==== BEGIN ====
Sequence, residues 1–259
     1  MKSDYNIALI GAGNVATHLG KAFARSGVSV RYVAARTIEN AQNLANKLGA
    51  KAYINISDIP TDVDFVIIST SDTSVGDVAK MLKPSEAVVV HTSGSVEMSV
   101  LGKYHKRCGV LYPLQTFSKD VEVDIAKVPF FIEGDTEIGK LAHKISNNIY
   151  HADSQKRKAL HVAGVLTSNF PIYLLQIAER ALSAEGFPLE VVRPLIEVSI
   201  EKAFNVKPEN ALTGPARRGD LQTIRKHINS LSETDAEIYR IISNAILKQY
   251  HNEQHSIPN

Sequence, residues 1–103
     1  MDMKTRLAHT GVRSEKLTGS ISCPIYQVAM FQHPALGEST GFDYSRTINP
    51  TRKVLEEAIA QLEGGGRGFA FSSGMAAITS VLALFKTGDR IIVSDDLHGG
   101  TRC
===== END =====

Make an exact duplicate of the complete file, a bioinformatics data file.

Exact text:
Sequence, residues 1–259
     1  MKSDYNIALI GAGNVATHLG KAFARSGVSV RYVAARTIEN AQNLANKLGA
    51  KAYINISDIP TDVDFVIIST SDTSVGDVAK MLKPSEAVVV HTSGSVEMSV
   101  LGKYHKRCGV LYPLQTFSKD VEVDIAKVPF FIEGDTEIGK LAHKISNNIY
   151  HADSQKRKAL HVAGVLTSNF PIYLLQIAER ALSAEGFPLE VVRPLIEVSI
   201  EKAFNVKPEN ALTGPARRGD LQTIRKHINS LSETDAEIYR IISNAILKQY
   251  HNEQHSIPN

Sequence, residues 1–103
     1  MDMKTRLAHT GVRSEKLTGS ISCPIYQVAM FQHPALGEST GFDYSRTINP
    51  TRKVLEEAIA QLEGGGRGFA FSSGMAAITS VLALFKTGDR IIVSDDLHGG
   101  TRC